Forest trees exhibit a remarkable range of adaptations to their environment, but as a result of frequent and long-distance gene flow, populations are often only weakly differentiated. Lodgepole and jack pine hybridize in western Canada, which adds the opportunity for introgression through hybridization to contribute to population structure and (or) adaptive variation. Access to large sample size, high density SNP datasets for these species would improve our ability to resolve population structure, parameterize introgression, and separate the influence of demography from adaptation. To accomplish this, 454 transcriptome reads for lodgepole and jack pine were assembled using Newbler and MIRA, the assemblies mined for SNPs, and 1536 SNPs were selected for typing on lodgepole pine, jack pine, and their hybrids (N = 536). We identified population structure using both Bayesian clustering and discriminate analysis of principle components. Introgressed SNP loci were identified and their influence on observed population structure was assessed. We found that introgressed loci resulted in increased differentiation both within lodgepole and jack pine populations. These findings are timely given the recent mountain pine beetle population expansion in the hybrid zone, and will facilitate future studies of adaptive traits in these ecologically important species.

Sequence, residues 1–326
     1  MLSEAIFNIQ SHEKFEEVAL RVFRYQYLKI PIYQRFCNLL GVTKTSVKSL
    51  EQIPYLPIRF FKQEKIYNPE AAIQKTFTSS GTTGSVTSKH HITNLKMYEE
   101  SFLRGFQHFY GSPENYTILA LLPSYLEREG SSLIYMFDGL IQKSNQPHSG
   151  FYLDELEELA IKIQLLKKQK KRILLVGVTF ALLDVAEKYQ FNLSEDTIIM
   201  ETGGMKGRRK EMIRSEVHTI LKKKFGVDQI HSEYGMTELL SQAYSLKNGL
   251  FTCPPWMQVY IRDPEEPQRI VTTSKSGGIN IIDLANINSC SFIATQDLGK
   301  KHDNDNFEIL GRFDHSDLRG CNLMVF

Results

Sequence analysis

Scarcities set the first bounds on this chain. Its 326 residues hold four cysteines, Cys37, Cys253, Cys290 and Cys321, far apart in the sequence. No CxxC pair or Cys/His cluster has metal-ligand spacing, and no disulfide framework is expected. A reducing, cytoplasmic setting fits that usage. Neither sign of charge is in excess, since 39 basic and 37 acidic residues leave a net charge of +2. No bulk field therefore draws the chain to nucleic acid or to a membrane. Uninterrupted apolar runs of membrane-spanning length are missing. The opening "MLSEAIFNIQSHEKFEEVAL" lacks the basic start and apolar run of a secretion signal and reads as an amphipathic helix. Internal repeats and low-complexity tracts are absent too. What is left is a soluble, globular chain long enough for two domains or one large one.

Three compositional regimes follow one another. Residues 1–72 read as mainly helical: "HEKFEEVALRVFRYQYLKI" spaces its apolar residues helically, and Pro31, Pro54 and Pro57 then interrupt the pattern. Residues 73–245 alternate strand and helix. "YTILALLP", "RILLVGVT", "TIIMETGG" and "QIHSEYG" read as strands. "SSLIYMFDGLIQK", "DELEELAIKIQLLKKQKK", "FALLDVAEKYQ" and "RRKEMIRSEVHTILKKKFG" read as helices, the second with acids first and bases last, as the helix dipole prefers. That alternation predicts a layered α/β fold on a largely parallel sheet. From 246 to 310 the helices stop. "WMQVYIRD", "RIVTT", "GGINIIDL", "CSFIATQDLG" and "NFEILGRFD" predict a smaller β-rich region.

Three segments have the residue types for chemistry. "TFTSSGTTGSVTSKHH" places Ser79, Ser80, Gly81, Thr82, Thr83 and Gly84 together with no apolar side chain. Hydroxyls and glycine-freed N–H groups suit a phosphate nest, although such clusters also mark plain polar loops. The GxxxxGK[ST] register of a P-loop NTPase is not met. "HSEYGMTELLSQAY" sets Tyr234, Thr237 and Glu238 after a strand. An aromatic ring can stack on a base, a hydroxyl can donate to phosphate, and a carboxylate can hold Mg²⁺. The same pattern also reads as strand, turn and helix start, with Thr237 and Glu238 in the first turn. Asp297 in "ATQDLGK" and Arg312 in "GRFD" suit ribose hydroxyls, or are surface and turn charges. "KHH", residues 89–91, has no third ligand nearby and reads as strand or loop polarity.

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Cullingham, C., Cooke, J.E.K. (Janice E.K.), & Coltman, D.W. (David W.). (2013). Effects of introgression on the genetic population structure of two ecologically and economically important conifer species: Lodgepole pine (Pinus contorta var. latifolia) and jack pine (Pinus banksiana). Genome, 56(10), 577–585. doi:10.1139/gen-2013-0071